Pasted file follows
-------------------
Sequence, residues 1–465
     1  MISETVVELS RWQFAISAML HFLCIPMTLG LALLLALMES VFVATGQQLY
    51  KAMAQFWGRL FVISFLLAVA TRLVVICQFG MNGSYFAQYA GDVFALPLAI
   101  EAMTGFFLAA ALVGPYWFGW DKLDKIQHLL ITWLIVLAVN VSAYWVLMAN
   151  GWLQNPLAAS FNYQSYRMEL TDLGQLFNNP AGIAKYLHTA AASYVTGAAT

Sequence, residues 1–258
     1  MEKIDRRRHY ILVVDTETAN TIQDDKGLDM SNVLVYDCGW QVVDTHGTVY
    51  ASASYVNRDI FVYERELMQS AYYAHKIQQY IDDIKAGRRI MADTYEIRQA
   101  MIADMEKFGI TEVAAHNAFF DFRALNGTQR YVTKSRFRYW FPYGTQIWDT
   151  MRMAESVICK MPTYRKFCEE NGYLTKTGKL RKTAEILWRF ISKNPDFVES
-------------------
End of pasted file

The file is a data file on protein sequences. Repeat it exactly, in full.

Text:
Sequence, residues 1–465
     1  MISETVVELS RWQFAISAML HFLCIPMTLG LALLLALMES VFVATGQQLY
    51  KAMAQFWGRL FVISFLLAVA TRLVVICQFG MNGSYFAQYA GDVFALPLAI
   101  EAMTGFFLAA ALVGPYWFGW DKLDKIQHLL ITWLIVLAVN VSAYWVLMAN
   151  GWLQNPLAAS FNYQSYRMEL TDLGQLFNNP AGIAKYLHTA AASYVTGAAT

Sequence, residues 1–258
     1  MEKIDRRRHY ILVVDTETAN TIQDDKGLDM SNVLVYDCGW QVVDTHGTVY
    51  ASASYVNRDI FVYERELMQS AYYAHKIQQY IDDIKAGRRI MADTYEIRQA
   101  MIADMEKFGI TEVAAHNAFF DFRALNGTQR YVTKSRFRYW FPYGTQIWDT
   151  MRMAESVICK MPTYRKFCEE NGYLTKTGKL RKTAEILWRF ISKNPDFVES